Go Outside and Play!

featured-sequenceHave you taken your workout outside yet? Summer may be winding down, but there’s still plenty of good weather for hiking, biking, kayaking, and letting your inner ball pro loose on the local diamond. Moving your body aerobically while negotiating the unexpected–uneven ground, moving water, natural hills–can be both challenging and exhilarating. It’s a great way to integrate body, mind, and spirit. And the scenery is much better than the wall of TVs at the gym!

Here’s a short, breath-based sequence that intended to help prepare your joints for motion and your big muscle groups for serious outdoor action. By building up the respiratory muscles with an emphasis on strengthening the inhale, it will also help ensure that you’ve got the breath support and energy to climb the summit or power through the last 5 miles.

Although we’ve photographed it indoors, this sequence is meant to be taken outdoors. Try using it as a warmup to prepare for other athletic activities.   Take care of your knees by using a grassy patch or your jacket to cushion them when you do the kneeling posture. (My lovely model, Gigi Boetto, who teaches yoga in Brooklyn and NYC, is using a blanket here.) You can also stay off your knees entirely by putting your front foot on a park bench. In that case, keep the back leg straight, but don’t lock your knee.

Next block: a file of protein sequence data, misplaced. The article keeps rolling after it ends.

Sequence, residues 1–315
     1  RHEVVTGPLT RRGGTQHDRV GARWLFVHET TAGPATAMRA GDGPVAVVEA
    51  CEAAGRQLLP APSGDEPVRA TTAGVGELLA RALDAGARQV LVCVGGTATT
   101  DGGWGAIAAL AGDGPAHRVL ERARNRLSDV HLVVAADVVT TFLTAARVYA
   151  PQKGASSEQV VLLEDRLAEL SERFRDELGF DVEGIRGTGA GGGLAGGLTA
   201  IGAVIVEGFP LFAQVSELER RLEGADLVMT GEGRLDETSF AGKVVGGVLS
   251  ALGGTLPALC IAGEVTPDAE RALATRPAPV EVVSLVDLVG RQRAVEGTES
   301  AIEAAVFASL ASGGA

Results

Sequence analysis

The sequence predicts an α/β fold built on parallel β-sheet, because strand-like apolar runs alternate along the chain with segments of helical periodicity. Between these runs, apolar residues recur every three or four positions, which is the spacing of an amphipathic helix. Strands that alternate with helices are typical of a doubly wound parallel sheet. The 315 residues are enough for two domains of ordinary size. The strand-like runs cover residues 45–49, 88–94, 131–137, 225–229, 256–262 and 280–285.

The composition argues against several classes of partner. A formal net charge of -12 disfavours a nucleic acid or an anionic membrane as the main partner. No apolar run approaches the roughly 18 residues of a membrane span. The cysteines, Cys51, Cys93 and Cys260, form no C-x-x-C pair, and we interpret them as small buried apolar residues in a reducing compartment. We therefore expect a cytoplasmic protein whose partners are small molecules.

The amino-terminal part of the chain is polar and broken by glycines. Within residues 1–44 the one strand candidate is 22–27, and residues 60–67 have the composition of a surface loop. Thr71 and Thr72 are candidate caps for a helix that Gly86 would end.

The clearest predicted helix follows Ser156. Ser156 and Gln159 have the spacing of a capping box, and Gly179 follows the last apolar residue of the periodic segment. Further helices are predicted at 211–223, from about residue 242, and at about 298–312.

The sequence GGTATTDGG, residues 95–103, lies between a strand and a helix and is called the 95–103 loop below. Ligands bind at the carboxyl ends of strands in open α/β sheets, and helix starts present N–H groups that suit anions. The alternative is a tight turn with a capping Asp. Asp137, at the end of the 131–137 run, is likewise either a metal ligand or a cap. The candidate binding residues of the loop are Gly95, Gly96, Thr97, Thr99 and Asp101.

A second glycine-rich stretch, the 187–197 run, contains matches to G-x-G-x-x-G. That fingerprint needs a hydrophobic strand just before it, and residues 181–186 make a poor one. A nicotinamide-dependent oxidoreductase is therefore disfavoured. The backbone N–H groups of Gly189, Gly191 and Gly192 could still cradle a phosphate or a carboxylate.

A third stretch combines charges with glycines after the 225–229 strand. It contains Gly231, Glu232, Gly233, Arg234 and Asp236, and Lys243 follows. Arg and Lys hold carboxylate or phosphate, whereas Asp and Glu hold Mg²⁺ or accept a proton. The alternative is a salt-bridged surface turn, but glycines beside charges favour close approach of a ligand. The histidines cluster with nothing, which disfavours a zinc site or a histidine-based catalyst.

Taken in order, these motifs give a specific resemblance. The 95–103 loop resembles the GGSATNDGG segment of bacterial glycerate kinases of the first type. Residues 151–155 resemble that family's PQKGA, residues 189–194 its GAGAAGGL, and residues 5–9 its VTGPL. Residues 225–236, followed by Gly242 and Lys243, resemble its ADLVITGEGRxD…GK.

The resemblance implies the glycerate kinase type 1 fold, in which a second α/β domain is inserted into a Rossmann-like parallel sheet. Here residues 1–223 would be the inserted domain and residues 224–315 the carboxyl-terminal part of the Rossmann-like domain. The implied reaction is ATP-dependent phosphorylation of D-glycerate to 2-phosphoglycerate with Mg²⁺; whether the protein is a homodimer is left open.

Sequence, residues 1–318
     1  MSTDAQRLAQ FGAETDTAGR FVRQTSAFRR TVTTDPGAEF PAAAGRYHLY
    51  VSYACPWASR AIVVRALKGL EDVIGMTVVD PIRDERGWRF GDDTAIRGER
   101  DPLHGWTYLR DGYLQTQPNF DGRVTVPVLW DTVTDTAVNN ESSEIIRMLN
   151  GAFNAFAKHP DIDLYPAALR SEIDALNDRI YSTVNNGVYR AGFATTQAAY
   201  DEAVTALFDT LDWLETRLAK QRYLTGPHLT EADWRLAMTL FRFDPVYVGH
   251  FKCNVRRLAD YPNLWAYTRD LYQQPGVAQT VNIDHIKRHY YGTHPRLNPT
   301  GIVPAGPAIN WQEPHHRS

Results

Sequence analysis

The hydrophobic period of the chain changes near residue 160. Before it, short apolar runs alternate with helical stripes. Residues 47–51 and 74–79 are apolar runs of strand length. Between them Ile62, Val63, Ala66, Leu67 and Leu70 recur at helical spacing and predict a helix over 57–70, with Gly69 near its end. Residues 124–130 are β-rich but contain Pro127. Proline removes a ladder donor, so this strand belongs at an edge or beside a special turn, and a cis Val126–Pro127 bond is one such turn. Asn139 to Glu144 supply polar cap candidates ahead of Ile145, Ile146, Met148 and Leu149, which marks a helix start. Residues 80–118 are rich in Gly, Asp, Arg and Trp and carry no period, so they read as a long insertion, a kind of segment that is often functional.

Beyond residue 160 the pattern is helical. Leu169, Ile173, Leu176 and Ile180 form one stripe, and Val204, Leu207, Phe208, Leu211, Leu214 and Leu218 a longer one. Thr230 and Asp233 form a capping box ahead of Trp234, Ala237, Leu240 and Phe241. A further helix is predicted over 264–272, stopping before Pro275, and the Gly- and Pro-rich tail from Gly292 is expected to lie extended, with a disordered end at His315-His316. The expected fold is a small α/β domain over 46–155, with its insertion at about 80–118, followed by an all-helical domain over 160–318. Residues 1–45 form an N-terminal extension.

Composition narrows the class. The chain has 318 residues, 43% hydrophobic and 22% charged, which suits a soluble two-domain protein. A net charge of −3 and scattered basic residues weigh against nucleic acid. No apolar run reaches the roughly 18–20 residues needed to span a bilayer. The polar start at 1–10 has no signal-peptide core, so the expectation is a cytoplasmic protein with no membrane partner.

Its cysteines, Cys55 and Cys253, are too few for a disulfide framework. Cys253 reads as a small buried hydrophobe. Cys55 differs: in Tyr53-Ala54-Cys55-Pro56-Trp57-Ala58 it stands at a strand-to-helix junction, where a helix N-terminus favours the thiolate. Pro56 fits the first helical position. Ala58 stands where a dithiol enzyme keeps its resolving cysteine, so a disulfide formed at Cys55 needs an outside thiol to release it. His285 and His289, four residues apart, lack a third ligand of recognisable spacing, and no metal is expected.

The combination of simple, strong postures and a disciplined approach to the breath will supercharge the energetic effect of the practice. You may be surprised by how far your body takes you. After your total workout, cool down with a slow walkabout, then repeat the table-dog-child sequence to neutralize your spine and clear out the kinks.

A caveat: Simple is not the same as easy. Combining breath work with movement packs a definite wallop, particularly on the inhale side! Do not force your breath, or allow the pressure in your chest to build to the point where you are uncomfortable. If needed, pause for a small sip of breath here and there. For any heart condition or unregulated high- or low-blood pressure, check with your doctor before you try this sequence. Once you get the okay, start at 75% of your capacity and build slowly from there.

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9 years ago

Hi Lynn,

We met up at Kripalu. Thanks for adding me to your email list.
You’ve created a beautiful newsletter. I’m grateful for your work and the
example you are of how I call it… “Living in the midst of life’s pain”…
Many Blessings for a peace-filled September,